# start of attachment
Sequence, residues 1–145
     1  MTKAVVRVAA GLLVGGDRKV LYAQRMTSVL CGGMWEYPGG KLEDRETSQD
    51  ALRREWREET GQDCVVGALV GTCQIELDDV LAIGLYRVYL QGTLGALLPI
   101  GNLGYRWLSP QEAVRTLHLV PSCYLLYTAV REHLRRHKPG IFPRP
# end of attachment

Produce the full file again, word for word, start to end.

Sequence, residues 1–145
     1  MTKAVVRVAA GLLVGGDRKV LYAQRMTSVL CGGMWEYPGG KLEDRETSQD
    51  ALRREWREET GQDCVVGALV GTCQIELDDV LAIGLYRVYL QGTLGALLPI
   101  GNLGYRWLSP QEAVRTLHLV PSCYLLYTAV REHLRRHKPG IFPRP